Global changes, domestic impact

June 1, 2007
What will it be like to do business when the United States has the world's second-largest economy? Or perhaps even the third largest? Most of us will

What will it be like to do business when the United States has the world's second-largest economy? Or perhaps even the third largest?

Most of us will live to see that happen if the predictions of one of the speakers at this year's Truck Trailer Manufacturers Association convention come true.

Don Reynolds, president of 21st Century Forecasting, told his TTMA audience that the United States can expect to lose its status as the world's largest economy in less than two decades.

If present trends continue, China — already the world's most populous country — should surpass the U S as the world's leading economic power within 12 to 15 years.

And India will be right on its heels.

But for those of us who build trailers to haul things and work trucks to do things, what difference will that make? Does being Number Two equal going into decline?

The answer, of course, is no. For years, we have feared that America has been losing its manufacturing base to other countries — including India and China — where operating costs are substantially lower.

But a recent study by the National Association of Manufacturers (NAM) indicates that America has been holding its own in an increasingly competitive global market.

Still the world's largest manufacturing nation, the United States produced approximately 25% of everything that was manufactured in 2004, according to NAM.

The study shows that over the past two decades — years marked by cataclysmic changes in the U S automotive industry — that the U S share of the global manufacturing market hardly has hiccupped. Yes, China has posted gains. India is up. And Korea is growing.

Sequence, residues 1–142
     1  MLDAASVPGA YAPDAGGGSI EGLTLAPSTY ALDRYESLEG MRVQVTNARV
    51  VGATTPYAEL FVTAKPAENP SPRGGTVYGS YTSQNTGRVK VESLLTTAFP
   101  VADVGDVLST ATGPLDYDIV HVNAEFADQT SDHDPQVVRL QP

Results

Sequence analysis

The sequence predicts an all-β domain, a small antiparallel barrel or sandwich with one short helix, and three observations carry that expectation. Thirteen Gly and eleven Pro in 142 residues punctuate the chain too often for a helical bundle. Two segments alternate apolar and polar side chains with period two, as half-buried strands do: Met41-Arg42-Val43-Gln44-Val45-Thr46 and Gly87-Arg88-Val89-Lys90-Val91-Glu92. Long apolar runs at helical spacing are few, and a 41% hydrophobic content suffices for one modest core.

Yet back in the USA, the economic engine continues to purr. According to the NAM numbers, the gains in global market share that Asian nations are enjoying seem to be coming principally at the expense of Western Europe. Germany and France in particular have lost market share, and the Japanese have as well.

A growing global market presents opportunities for people in transportation — and not just for those who build the ISO containers that will be moving those goods across oceans. As Bob Costello, economist and vice-president of the American Trucking Associations, predicted in his TTMA presentation, trucking will play as great or even greater role in transporting freight in the coming years — approximately 70% of everything that is shipped.

When we focus strictly on market share, we by definition view someone else's gain as our loss. But the size of the market isn't fixed. The world economy undoubtedly will grow significantly in the coming years. With a much bigger pie to cut up, it's still possible to wind up with more pie — even when the pie is cut into more pieces.

But there are no guarantees. Instead, there will be plenty of challenges for American manufacturers in the coming years. Virtually every company attending this year's TTMA convention — trailer manufacturers and suppliers alike — can expect to feel the impact of international competition. Foreign companies increasingly will target U S markets, but that will not be the only way they will compete with U S manufacturers. They also will compete for commodities, bidding up the price for materials such as steel, nickel, aluminum, and hardwood — not to mention the petroleum that truck and trailer customers need to operate the equipment we produce.

According to a graphic that Costello showed at the TTMA convention, India and China combined have almost twice the population of industrialized countries (37% of the world's population vs 38% for more developed nations), yet the two countries currently consume only 11% of the world's appetite for oil. But with 30,000 cars being added each week in Beijing alone, that percentage is bound to change. And so will our price for fuel.

There was a time that the trailer manufacturing industry was relatively isolated from the rest of the world. Even when the first influx of Japanese cars began arriving on U S shores, trailer manufacturers could be confident that they would not struggle against the same type of international competition that had established a beachhead in the domestic car and truck industry. After all, it was not feasible to ship trailers across the ocean for sale in the U S. But today, Asian companies build trailers and are gaining acceptance in the U S market.

It's an increasingly shrinking world. And what goes on across the globe sometimes can be as important as what happens in our own backyard.